It is well known that electrostatic fields in tokamaks can vary on relatively short scale lengths, approaching the ion banana width. The resulting "squeezed" ion orbits are associated with significantly reduced neoclassical transport. It is shown here that an analogous process occurs, for steeper field variation, at the level of particle gyration: potentials varying on a scale comparable to the ion gyro-radius distort gyro-orbits and thus modify classical transport. The gyro-distortion can take one of three forms, depending upon the sign and size of the electric field shear; reduction in orbit width occurs only in a potential well. In this case, and assuming that the ion density and temperature vary slowly on the scale of the shrunken orbit, the classical ion heat flux is computed. It is shown that this flux is reduced by a factor of S-2, where S ≡ 1 + cΦ"(r)/BΩ. The sharp potential variation required for large S might result from steep electron temperature gradients near the separatrix of a spherical tokamak (with comparable poloidal and toroidal field components) or reversed field pinch.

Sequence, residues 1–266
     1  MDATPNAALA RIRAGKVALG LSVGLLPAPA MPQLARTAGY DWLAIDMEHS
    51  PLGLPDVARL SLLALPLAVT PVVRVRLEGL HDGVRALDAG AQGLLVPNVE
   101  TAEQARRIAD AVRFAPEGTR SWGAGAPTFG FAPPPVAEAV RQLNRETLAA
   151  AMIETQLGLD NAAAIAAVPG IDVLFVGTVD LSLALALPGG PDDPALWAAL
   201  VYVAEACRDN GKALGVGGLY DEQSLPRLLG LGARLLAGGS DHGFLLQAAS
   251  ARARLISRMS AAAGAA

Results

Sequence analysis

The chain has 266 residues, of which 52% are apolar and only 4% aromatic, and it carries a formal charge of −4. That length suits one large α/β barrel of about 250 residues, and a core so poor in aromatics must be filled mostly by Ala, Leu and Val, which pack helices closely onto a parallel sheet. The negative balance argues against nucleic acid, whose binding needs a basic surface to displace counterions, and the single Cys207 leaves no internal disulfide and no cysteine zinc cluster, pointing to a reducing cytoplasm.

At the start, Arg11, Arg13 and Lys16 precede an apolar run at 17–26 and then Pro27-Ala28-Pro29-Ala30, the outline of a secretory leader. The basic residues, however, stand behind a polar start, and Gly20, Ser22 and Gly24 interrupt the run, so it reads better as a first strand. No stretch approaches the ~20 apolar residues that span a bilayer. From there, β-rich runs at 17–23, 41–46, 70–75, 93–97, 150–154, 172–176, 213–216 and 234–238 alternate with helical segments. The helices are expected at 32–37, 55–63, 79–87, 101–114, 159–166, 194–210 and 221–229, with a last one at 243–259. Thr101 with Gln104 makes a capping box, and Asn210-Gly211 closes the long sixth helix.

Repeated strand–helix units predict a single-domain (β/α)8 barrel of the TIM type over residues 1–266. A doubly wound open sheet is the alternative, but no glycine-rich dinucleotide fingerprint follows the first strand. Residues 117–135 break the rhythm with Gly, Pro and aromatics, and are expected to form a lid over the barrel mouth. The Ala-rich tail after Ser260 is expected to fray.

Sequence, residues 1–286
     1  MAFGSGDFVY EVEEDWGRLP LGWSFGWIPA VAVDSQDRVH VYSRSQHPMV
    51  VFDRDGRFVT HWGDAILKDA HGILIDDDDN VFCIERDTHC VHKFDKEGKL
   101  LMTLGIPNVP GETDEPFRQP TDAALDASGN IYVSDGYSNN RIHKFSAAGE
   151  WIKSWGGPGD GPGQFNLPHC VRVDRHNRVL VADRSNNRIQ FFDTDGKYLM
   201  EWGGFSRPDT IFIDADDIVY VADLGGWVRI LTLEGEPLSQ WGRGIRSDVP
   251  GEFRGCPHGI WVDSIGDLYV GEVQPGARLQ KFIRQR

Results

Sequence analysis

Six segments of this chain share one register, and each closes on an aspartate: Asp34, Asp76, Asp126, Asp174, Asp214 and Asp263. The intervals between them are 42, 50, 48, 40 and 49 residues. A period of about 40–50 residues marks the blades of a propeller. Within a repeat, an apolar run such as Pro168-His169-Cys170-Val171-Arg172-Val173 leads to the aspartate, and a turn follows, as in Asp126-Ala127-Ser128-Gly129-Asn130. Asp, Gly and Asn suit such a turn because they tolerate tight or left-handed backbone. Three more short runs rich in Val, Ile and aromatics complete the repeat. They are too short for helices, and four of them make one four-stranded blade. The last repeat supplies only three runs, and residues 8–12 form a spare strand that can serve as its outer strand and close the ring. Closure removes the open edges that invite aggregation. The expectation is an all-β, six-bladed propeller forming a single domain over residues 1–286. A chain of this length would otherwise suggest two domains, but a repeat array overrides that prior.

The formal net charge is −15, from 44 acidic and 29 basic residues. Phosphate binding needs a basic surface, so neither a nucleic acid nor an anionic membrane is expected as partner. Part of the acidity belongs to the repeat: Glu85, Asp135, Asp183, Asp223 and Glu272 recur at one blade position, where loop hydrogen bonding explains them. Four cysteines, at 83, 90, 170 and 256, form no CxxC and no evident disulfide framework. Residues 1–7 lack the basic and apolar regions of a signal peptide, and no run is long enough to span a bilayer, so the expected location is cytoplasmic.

All Science Journal Classification (ASJC) codes
- Condensed Matter Physics